If you are only interested in the lectures, you can watch them on the YouTube channel.

Course description from student point of view

The course is well rounded in terms of concepts. It helps us understand the fundamentals of Deep Learning. The course starts off gradually with MLPs and it progresses into the more complicated concepts such as attention and sequence-to-sequence models. We get a complete hands on with PyTorch which is very important to implement Deep Learning models. As a student, you will learn the tools required for building Deep Learning models. The homeworks usually have 2 components which is Autolab and Kaggle. The Kaggle components allow us to explore multiple architectures and understand how to fine-tune and continuously improve models. The task for all the homeworks were similar and it was interesting to learn how the same task can be solved using multiple Deep Learning approaches. Overall, at the end of this course you will be confident enough to build and tune Deep Learning models.


  1. We will be using Numpy and PyTorch in this class, so you will need to be able to program in python3.
  2. You will need familiarity with basic calculus (differentiation, chain rule), linear algebra and basic probability.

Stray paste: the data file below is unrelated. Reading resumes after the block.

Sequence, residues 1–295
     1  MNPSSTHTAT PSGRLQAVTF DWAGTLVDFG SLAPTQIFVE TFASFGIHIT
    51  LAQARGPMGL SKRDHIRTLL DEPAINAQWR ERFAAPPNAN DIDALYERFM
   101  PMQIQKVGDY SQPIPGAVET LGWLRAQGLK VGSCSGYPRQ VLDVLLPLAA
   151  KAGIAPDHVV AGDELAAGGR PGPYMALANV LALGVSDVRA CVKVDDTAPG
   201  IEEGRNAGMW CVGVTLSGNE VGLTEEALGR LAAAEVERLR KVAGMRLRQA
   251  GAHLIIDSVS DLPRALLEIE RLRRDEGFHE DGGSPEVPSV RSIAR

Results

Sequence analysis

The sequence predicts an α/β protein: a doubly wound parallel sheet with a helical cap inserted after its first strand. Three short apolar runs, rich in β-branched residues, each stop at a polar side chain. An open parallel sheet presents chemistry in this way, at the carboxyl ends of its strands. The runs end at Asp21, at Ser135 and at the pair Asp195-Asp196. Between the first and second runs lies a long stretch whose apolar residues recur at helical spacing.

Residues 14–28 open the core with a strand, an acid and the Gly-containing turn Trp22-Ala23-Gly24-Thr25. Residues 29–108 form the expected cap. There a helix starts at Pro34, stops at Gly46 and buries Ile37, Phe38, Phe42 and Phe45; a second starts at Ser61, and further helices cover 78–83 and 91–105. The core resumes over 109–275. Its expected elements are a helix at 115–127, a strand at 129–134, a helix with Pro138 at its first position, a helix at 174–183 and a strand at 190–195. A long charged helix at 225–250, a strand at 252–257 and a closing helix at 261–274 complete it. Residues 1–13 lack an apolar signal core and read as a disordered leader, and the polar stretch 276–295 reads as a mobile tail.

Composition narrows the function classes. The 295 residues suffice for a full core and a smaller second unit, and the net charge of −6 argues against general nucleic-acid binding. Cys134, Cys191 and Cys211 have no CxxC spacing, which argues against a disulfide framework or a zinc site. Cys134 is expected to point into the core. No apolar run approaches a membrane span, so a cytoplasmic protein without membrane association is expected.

Courses 11-785 and 11-685 are equivalent 12-unit graduate courses, and have a final project and HW 5 respectively. Course 11-485 is the undergraduate version worth 9 units, the only difference being that there is no final project or HW 5.


Your Supporters



Pittsburgh Schedule (Eastern Time)

Lecture: Tuesday and Thursday, 11:50 a.m. - 1:10 p.m.

Recitation: Friday, 11:50 a.m. - 1:10 p.m.

Office hours: We will be using OHQueue for zoom related Office hours, others would be in-person. The OH schedule is given below.

Day Time (Eastern Time) TA Zoom/In Person Venue
Monday 10:00 - 11:00 am Soumya Empran Zoom
1:00 - 2:00 pm Urvil Kenia Wean 3110
3:00 - 4:00 pm Fuyu Tang GHC 6708
6:00 - 7:00 pm Amelia Kuang GHC 6708
6:30 - 7:30 pm Diksha Agarwal GHC 6708
7:00 - 9:00 pm Rucha Khopkar Zoom
7:00 - 9:00 pm Lavanya Gupta Zoom
Tuesday 2:00 - 3:00 pm Manasi Purohit Wean 3110
3:00 - 4:00 pm Ameya Mahabaleshwarkar Zoom